The official ceremony
A flagpole had been erected on the Island for displaying the flag of Israel and crowds were gathered along the river to witness the ceremony. Noah's own account of proceedings says there were not enough boats to take the crowd to the Island, and through the friendly offer of the Rector of St. Paul's Episcopal Church, the ceremonies were transferred to that building, in Buffalo.
Ararat (now known as Grand Island) in 1825.
major Mordecai Manuel Noah, a prominent Hebrew, purchased 2,555 acres on Grand Island
for $10,000 and endeavored to establish a city of refuge for Jews of all nations
who were being subjected to oppression. The project failed to materialize. (From
Buffalo Historical Society)
Reprinted from Palmer's Views of Buffalo: Past and Present, Copyright 1911 by Robert M. Palmer, New York City
Festivities opened at dawn on September 2, with the firing of a salute by the artillery company. At eleven o'clock a parade moved down Main Street from the Court House to St. Paul's with city officials, bands and members of the Masonic order in line. Center of all eyes was Noah himself, in his robe of crimson silk trimmed with ermine and a richly embossed golden medal suspended from the neck.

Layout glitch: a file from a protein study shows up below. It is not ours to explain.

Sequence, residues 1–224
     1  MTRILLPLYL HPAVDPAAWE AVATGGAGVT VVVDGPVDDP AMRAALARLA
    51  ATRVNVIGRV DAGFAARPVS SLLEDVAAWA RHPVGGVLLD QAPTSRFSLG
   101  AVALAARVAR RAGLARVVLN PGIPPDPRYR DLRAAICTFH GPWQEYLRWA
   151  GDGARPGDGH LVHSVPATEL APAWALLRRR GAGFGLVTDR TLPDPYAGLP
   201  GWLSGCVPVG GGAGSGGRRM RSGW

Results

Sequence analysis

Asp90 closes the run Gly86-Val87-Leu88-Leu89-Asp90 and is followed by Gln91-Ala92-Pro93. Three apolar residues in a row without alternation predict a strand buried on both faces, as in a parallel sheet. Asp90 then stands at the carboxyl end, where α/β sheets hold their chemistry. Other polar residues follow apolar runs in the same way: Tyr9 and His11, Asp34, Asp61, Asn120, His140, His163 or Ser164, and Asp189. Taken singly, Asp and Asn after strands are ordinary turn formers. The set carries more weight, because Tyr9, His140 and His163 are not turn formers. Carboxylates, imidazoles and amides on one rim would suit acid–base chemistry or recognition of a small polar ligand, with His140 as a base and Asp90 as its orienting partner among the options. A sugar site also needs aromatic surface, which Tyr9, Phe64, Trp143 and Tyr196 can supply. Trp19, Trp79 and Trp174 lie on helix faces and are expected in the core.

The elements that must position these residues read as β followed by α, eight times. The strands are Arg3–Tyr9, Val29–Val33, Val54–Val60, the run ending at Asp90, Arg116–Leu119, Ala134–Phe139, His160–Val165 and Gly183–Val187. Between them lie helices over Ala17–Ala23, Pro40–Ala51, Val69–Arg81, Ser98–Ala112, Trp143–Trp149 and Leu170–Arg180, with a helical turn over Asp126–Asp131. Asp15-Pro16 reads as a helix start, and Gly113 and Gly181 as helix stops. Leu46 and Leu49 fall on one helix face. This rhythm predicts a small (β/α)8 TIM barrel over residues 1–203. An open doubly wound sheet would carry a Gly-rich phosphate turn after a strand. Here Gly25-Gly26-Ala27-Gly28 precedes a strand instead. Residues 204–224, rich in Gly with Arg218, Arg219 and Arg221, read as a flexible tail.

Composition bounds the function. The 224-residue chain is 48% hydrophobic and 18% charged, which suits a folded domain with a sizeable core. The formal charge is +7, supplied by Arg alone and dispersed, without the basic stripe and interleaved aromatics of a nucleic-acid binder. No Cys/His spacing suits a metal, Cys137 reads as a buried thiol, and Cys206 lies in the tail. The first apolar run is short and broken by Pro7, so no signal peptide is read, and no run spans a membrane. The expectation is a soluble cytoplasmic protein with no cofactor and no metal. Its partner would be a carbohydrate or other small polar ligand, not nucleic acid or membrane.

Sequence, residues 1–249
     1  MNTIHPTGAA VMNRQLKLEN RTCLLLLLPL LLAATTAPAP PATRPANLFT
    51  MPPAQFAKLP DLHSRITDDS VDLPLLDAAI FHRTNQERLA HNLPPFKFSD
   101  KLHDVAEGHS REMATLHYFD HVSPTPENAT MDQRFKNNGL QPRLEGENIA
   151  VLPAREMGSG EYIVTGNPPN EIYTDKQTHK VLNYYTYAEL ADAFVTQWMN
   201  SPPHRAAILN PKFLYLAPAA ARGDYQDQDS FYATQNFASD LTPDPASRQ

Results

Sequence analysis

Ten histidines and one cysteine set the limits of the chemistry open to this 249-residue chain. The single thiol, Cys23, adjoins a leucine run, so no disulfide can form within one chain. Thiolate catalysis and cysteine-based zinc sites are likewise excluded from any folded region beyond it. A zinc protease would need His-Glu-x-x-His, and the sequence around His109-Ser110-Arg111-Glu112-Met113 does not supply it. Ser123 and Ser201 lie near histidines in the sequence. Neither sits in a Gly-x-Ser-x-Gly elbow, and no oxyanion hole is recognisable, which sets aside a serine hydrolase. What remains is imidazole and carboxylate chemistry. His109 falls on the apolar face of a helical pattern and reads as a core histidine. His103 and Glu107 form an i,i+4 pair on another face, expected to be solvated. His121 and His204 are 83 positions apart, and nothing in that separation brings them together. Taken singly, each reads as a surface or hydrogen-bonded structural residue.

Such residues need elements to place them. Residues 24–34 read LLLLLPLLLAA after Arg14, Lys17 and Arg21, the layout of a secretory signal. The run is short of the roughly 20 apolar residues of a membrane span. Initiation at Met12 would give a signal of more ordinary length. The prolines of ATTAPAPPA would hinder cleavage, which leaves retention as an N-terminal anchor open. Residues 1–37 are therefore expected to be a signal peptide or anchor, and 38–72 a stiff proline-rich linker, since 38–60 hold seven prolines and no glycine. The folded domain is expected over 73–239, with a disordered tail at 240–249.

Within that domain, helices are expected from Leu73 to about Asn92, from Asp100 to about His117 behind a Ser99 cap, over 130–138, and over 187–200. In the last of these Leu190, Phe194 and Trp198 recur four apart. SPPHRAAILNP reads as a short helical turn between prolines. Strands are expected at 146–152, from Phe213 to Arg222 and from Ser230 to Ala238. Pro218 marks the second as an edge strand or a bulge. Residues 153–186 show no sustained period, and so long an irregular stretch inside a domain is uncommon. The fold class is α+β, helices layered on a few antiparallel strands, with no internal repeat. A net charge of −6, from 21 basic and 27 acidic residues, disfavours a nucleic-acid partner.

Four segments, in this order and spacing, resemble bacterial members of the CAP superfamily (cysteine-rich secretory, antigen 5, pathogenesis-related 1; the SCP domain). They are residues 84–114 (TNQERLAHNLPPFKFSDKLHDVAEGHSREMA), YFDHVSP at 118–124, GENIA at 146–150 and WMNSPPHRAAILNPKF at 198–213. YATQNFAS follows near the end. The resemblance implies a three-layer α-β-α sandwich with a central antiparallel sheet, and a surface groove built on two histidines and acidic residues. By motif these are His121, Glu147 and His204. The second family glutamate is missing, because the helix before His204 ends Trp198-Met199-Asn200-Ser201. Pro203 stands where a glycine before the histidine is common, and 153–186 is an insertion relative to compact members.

In St. Paul's was the cornerstone, with its inscription partly in Hebrew and partly in English: "Hear, O Israel, the Lord our God is one Lord; ARARAT,A City of Refuge for the Jews, Founded by Mordecai Manuel Noah, in the Month Tizri, September 1825 and in the 50th year of American Independence." In the Christian church the cornerstone of the Jewish refuge was laid.
Noah read a long proclamation. He described himself as "Citizen of the United States of America, late consul of said states for the city and kingdom of Tunis, High Sheriff of New York, Counselor at law, and, by the grace of God, Governor and judge of Israel." He declared the Jewish nation reestablished under the protection of the laws of the United States, he abolished polygamy among the Jews and he levied a tax of one Spanish dollar a year on every Jew in the world to support the project.
He made another rather curious statement. He stated his belief that the Indians were descendants of the lost tribes of Israel, and said it was his intention "to make them sensible of their origin, to cultivate their minds, soften their condition and finally reunite them with their brethren, the chosen people."